Sony's presentation at E3 2018 had been one hell of an hour for the makers of the PlayStation 4, as they demoed first-party published titles like The Last of Us Part II, Ghosts of Tsushima and Death Stranding. But as Spider-Man came into view in the final 15 minutes, there was buzzing excitement in the crowd. Those other games were more than a year and a half out each, but for Marvel's Spider-Man, it was a few short months before it came out to the world.
For the past two years Sony had been demoing Spider-Man cinematics and gameplay, but this one was different, as Spider-Man faced off against five members of this game's Sinister Six -- Mister Negative, Scorpion, Vulture, Rhino and Electrode -- and their henchmen locked up in the super-prison known as the Raft. Never before had a Spider-Man game brought to life so many of these famous comic book villains in one game. It took a special developer to make the sauce work.
It was a tactful choice to feature just four first-party games at the largest gaming expo in the world, and telling of Sony's success on the PS4.
Spider-Man was set to release in a lineup full of other jaw-dropping Sony experiences, like the 2018 retelling of God of War and new IPs in Horizon: Zero Dawn and Detroit: Become Human. Long gone were the days of Sony being a mile behind Microsoft in the modern day console wars. Its software successes led it to be the console king in the battle of the PlayStation 4 versus Xbox One.
It's part of why, for the PlayStation 5's release, Sony is leaning on one of its best studios, Insomniac, to deliver another astounding experience. With the PS5 will come Marvel's Spider-Man: Miles Morales, the sequel to the 2018 game that reimagined not just the web slinging hero, but what it means to be a superhero game. The new title will look to take that a step further.
"The team is extremely proud of the accomplishment [of the first game]," Brian Horton, who worked on Marvel's Spider-Man and is the creative director for the Miles Morales sequel told ESPN. "We left nothing on the mat for that one, there was a lot of effort put into that game. But what's great about Insomniac is that we look at our successes and continue to build on them."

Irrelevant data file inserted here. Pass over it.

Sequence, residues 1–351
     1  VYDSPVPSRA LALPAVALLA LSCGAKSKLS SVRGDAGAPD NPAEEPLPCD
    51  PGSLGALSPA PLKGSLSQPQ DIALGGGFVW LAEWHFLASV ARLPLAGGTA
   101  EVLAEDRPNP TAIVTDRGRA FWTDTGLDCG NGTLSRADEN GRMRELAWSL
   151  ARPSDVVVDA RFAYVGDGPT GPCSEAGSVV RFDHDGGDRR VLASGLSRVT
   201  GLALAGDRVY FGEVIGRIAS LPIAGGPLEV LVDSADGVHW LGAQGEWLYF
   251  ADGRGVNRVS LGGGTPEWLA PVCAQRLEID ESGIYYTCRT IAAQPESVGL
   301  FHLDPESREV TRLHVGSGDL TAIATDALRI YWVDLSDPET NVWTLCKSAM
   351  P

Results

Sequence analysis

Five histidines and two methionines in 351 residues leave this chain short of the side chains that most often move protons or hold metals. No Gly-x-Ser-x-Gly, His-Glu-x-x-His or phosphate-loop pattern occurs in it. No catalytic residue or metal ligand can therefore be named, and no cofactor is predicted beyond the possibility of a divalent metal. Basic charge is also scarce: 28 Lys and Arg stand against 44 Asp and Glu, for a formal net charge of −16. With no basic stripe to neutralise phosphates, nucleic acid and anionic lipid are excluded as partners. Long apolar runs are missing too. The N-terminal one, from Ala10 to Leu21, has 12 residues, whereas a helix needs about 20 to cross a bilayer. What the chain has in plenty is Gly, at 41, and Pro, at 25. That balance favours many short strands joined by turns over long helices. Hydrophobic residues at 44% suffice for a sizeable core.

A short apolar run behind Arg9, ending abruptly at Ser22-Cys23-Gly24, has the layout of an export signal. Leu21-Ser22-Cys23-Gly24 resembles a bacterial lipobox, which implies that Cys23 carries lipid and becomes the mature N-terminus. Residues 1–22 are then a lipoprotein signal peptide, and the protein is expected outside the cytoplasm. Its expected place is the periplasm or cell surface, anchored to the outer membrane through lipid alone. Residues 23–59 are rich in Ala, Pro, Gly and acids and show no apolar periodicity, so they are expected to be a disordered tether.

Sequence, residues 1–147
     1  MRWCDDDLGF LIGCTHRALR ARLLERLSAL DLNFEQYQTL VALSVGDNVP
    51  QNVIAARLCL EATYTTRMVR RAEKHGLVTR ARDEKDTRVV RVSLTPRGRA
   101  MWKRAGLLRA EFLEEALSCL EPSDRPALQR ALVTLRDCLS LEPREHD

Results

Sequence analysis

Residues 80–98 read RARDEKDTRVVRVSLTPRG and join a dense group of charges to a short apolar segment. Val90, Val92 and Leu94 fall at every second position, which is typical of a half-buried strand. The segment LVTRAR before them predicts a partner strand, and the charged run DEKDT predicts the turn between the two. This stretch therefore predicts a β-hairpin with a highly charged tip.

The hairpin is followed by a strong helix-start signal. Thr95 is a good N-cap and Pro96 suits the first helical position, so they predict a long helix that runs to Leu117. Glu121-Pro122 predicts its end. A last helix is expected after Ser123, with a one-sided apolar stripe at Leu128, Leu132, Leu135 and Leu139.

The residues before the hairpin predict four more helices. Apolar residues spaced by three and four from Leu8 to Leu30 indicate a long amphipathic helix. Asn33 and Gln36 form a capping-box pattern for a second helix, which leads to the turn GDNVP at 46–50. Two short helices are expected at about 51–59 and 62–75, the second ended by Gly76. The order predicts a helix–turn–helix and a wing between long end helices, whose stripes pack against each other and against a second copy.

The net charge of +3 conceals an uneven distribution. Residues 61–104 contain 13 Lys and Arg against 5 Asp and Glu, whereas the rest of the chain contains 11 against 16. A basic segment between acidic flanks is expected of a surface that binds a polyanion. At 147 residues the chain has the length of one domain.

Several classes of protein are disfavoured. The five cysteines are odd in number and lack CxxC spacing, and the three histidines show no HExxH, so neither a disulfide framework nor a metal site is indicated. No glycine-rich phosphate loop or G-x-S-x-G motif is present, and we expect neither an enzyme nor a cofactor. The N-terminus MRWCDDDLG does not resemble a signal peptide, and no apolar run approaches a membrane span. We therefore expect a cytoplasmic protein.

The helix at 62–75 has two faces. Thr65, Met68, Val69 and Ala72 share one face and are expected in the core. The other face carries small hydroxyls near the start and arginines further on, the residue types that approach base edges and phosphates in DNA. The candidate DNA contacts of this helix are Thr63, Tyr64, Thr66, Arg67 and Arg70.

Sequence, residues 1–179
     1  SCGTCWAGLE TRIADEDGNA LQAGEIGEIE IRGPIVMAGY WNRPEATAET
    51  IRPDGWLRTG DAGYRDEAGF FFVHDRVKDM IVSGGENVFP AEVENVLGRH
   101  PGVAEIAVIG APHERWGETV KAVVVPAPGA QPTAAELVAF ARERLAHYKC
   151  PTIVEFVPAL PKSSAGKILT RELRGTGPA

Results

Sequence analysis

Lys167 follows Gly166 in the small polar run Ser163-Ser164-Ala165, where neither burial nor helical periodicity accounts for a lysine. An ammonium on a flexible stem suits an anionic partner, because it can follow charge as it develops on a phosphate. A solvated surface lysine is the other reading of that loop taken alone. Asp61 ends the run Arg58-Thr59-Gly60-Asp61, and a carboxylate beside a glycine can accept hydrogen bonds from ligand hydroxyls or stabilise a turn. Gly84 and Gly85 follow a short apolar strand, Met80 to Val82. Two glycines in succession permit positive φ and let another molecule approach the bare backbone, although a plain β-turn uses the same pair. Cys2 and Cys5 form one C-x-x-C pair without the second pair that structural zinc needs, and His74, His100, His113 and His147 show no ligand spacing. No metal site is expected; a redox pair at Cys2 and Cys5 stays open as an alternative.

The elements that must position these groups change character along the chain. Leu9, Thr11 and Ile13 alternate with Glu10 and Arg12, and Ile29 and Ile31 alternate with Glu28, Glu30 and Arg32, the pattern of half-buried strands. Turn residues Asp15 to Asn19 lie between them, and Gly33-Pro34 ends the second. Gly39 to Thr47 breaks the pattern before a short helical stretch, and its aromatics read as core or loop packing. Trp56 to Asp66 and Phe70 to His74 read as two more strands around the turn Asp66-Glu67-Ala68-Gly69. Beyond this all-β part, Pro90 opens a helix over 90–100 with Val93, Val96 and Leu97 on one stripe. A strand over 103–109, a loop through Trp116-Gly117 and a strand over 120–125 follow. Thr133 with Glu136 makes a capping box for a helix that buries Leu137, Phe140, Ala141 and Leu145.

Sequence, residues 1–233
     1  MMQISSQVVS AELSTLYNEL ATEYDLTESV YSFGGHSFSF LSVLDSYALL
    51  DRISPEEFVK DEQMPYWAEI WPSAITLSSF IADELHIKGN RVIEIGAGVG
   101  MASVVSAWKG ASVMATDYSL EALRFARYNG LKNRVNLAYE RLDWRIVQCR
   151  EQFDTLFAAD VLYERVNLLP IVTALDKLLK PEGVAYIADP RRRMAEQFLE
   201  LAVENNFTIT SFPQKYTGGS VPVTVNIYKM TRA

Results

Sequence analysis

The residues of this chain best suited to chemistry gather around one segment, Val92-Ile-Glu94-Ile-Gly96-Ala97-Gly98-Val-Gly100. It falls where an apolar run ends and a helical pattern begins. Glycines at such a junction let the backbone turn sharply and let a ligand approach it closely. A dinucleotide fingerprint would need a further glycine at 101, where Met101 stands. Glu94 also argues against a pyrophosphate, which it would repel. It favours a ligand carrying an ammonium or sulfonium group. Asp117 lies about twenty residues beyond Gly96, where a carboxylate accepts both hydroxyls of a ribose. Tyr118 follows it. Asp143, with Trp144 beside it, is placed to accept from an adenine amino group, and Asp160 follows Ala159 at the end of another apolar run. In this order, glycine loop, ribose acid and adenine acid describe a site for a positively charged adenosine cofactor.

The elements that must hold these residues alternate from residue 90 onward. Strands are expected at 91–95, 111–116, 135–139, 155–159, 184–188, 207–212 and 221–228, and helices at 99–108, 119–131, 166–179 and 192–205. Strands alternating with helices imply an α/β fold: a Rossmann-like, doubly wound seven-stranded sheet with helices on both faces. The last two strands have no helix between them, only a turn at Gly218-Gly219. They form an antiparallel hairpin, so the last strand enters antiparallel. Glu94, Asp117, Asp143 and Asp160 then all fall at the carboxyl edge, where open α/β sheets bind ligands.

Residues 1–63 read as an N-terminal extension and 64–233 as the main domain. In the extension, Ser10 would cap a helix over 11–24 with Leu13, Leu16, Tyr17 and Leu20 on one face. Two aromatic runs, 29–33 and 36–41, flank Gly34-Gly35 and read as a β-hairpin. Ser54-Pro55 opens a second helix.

After being acquired by Sony for a reported $229 million in August 2019, Insomniac is at the center of PlayStation's gaming future. Sony is once again betting that, as with the PS4, their first-party creatives, now known collectively as PlayStation Studios, can make them the favorable console for gamers.
Alongside studios like Naughty Dog (the Uncharted series and the Last of Us series), Sony Interactive Entertainment Santa Monica (God of War) and Guerilla Games (Horizon), Insomniac is tasked to knock two PlayStation 5 early lifespan titles out of the park.
With Miles Morales, they've done that -- presenting an unique and engaging tale of family and the coming-of-age, both in-and-out of suit, of a Black teen in Harlem. They've been asked to do the same with Ratchet & Clank: Rift Apart, a new spin on a legacy franchise in the PlayStation portfolio set to land in 2021. It's a lot of pressure for the Southern Californian games studio, but if both Spider-Man games and previous Ratchet & Clank titles are any indication, they're up for it.